As the health of a parent declines, an adult child's responsibilities can become more significant. Good estate planning at a time when that parent is capable of legally executing the documents required in Ohio could prevent a great deal of stress and difficulty later on. Neglecting such planning can leave those caring for their aging parents in difficult financial and legal positions.
A power of attorney is an example of a crucial document for managing the financial and legal affairs of a parent. The establishment of joint bank accounts can facilitate matters such as having an adult child pay a parent's bills, but this is not sufficient for empowering one to take care of issues such as selling a parent's house. With a legally executed power of attorney, however, the authorized party could create a trust to manage the parent's assets and even protect these assets from being affected by extensive medical expenses.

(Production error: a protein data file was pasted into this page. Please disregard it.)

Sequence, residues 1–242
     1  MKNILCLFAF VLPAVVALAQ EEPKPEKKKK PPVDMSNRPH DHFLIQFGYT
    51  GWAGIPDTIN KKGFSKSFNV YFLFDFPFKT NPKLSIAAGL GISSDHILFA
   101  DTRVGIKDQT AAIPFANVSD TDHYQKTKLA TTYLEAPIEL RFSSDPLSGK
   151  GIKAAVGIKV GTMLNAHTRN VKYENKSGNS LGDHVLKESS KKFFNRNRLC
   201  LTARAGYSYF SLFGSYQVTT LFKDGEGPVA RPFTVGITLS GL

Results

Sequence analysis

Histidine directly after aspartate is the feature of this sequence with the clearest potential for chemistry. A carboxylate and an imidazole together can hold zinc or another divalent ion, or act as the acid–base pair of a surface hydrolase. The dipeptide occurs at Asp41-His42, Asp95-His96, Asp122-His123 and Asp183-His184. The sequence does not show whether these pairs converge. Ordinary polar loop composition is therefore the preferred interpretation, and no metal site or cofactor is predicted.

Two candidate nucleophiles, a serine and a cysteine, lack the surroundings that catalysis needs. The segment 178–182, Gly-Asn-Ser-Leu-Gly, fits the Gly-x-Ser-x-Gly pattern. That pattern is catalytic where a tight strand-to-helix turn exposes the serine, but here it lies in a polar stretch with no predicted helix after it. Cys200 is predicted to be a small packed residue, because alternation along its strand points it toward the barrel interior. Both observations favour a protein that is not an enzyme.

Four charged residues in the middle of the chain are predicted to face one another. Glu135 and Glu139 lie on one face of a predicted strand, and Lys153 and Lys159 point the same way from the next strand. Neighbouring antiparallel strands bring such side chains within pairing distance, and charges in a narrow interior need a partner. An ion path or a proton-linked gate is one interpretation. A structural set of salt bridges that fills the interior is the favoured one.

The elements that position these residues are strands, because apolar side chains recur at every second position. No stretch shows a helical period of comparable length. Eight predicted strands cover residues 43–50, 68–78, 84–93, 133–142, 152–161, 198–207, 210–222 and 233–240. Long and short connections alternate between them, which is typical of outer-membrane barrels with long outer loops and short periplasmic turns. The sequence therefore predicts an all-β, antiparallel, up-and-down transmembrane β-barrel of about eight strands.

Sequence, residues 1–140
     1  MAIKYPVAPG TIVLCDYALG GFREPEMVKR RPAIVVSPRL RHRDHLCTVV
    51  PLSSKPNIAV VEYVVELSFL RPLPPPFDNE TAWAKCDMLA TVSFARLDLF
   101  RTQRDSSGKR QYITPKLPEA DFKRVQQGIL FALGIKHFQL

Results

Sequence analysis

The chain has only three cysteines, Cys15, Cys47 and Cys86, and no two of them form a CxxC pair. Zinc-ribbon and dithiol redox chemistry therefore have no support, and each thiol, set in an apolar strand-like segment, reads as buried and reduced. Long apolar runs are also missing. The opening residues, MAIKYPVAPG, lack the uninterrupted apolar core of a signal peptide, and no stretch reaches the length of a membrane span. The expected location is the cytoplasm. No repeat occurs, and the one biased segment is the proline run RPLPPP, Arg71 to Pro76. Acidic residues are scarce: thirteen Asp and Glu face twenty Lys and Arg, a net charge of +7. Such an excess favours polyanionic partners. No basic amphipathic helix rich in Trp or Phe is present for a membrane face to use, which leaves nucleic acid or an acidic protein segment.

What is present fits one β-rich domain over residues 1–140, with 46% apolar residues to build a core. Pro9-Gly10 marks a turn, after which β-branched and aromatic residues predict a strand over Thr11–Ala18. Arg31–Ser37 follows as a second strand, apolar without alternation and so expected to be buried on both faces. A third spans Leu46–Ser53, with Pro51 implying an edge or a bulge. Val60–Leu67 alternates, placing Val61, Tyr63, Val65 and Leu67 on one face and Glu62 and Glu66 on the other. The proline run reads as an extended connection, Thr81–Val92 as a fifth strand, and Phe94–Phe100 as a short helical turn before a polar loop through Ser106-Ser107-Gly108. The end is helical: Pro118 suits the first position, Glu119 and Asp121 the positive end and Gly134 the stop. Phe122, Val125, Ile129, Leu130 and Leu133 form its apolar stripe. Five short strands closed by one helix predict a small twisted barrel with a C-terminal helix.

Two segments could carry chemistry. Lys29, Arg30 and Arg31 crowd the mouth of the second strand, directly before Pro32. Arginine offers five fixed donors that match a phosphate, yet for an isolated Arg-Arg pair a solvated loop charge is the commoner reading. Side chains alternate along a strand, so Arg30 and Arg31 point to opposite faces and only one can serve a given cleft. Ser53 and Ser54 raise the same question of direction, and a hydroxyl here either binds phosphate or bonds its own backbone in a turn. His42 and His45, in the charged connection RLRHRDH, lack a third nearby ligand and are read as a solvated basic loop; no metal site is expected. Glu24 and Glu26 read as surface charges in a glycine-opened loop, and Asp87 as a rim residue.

In the case of handling affairs without a power of attorney, there are some legal avenues to pursue. A conservatorship petition could be filed. In such a case, priority will typically be given based on relationship and whether others are eligible for the role. There can be some court and probate fees involved in this type of situation, and timing could be an issue. Additionally, conservatorship involves a need for thorough record keeping. Matters such as selling a home to cover medical costs must be approved by the court as well.
Although these issues can be touchy subjects for parents and children, good planning can reduce the risk of unanticipated legal difficulties later on. Parents may want to involve their children in periodic meetings with their estate planning lawyers to ensure that questions and concerns about the children's roles and responsibilities in situations that may arise in the future are addressed.